The Nuclear Issue 2 - Contents:
- Abolition 2000, plus statement,
Statement on Nuclear Weapons by International Generals and Admirals
Statement on Nuclear Weapons by International Civilian Leaders


The Nuclear Issue part 1: treaties texts ABM - NPT - START-II - CTBT
More treaties texts and other documents will follow.

For Dutch content (with Dutch addresses) go to this part


Top ABOLITION 2000, a global network to eliminate nuclear weapons, grew out of a caucus of citizen groups campaigning for abolition who monitored and lobbied the Nuclear Non-Proliferation Treaty Renewal and Extension Conference in New York in April 1995. Its central aim is to have in place by the new millennium a Nuclear Weapons Convention committing the nuclear weapon states to get rid of their nuclear arsenals within a fixed timetable.

Several Working Groups have been established, which focus on issues including:

Overcoming nuclear threats/legal issues;

Drafting a Model Nuclear Weapons Convention;


Sustainable energy;

Radiation health effects;

Non-violent direct action;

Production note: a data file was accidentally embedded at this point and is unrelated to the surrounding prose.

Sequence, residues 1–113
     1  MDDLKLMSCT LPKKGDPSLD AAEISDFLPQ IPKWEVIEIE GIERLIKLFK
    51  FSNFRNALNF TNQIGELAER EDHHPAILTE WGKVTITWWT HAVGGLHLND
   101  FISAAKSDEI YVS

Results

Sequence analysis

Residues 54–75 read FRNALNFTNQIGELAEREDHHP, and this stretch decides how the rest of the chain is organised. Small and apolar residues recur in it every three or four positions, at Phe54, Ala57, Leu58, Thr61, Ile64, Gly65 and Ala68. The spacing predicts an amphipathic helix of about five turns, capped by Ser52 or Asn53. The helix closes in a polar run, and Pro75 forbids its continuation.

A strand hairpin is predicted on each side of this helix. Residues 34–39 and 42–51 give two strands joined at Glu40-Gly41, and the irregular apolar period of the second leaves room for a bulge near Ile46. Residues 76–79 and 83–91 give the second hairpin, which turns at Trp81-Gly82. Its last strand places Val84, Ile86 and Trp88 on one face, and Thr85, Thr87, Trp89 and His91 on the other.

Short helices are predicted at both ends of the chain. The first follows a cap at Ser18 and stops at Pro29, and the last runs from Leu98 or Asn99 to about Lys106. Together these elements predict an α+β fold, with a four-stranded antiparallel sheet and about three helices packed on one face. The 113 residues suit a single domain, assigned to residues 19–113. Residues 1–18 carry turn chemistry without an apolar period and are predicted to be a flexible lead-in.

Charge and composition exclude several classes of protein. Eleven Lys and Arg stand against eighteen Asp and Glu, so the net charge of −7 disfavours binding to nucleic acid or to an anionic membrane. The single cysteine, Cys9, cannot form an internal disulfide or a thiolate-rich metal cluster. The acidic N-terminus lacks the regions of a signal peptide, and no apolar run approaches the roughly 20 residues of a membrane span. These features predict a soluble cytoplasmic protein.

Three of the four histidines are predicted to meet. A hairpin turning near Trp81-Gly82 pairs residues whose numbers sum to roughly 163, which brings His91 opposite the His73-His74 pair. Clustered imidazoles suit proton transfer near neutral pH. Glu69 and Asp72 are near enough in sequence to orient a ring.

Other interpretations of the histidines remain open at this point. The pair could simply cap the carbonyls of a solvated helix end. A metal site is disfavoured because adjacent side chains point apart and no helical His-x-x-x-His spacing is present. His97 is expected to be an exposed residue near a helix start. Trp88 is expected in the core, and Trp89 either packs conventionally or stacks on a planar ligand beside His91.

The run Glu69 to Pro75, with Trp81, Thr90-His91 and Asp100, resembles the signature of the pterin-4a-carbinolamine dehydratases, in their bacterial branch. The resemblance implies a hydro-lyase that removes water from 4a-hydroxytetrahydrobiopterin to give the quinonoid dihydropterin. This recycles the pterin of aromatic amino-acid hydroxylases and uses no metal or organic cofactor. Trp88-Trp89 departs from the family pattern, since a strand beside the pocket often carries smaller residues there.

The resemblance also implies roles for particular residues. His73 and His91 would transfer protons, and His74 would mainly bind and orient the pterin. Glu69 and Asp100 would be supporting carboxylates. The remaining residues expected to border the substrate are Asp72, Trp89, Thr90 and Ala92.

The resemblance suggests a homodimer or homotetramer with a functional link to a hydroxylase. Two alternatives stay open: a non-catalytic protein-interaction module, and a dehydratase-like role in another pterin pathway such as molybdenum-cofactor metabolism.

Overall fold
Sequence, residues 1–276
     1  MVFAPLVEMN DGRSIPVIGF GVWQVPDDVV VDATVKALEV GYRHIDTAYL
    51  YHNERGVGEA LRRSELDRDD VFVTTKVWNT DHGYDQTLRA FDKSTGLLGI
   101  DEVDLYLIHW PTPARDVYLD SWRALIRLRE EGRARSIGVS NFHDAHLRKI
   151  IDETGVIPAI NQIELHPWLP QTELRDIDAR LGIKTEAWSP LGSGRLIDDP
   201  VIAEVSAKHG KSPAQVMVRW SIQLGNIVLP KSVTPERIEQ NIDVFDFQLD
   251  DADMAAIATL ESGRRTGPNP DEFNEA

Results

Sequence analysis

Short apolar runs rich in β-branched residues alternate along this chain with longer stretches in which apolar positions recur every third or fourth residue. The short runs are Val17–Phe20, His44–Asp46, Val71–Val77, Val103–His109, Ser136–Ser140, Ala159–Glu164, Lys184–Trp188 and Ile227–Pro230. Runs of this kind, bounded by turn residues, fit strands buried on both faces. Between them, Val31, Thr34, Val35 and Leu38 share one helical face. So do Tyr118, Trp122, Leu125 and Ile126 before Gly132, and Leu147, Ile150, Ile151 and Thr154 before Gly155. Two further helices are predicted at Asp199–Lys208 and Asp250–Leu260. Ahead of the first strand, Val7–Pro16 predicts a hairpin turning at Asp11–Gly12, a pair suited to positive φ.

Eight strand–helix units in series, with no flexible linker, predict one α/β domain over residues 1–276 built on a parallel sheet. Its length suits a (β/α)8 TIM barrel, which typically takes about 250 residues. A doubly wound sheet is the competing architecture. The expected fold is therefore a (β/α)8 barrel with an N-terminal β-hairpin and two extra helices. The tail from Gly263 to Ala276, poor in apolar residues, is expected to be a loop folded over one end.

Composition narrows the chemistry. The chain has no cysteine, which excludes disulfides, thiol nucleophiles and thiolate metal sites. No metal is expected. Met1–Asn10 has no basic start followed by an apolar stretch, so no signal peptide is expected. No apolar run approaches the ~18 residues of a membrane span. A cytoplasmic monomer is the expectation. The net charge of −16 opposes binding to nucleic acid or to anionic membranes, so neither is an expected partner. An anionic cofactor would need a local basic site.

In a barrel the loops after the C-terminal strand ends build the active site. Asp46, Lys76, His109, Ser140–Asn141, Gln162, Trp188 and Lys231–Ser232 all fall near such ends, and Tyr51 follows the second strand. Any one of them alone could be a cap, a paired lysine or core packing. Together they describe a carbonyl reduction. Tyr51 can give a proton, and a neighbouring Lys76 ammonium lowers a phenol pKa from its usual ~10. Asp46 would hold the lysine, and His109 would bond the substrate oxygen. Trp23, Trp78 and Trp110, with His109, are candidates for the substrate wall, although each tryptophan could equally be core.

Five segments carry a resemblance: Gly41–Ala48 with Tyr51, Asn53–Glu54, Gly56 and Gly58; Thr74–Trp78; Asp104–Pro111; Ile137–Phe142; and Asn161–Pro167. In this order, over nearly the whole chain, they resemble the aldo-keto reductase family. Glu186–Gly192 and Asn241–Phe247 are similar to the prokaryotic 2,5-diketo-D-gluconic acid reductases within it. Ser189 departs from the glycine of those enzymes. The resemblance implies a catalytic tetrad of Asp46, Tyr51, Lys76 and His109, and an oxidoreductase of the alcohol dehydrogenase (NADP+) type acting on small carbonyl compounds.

Weapon-usable radioactive materials;

Depleted uranium;

Nuclearization of space.

Since then, Abolition 2000 has grown to over 1,500 endorsing groups, with national networks established in the US, Canada, New Zealand, Britain, Germany and also a European regional one.

An electronic newsletter called "The Sunflower" is published monthly by the Nuclear Age Peace Foundation in California. Abolition 2000 adopted the sunflower as its logo after the US, Russian and Ukrainian defence ministers planted sunflower seeds on the site of the last missile silo on 4 June 1996, the day Ukraine offcially celebrated sending the last former Soviet nuclear weapon back to Russia, and pronounced itself nuclear weapon-free. US Secretary of Defense Perry said that sunflowers instead of missiles in the soil would ensure peace for future generations.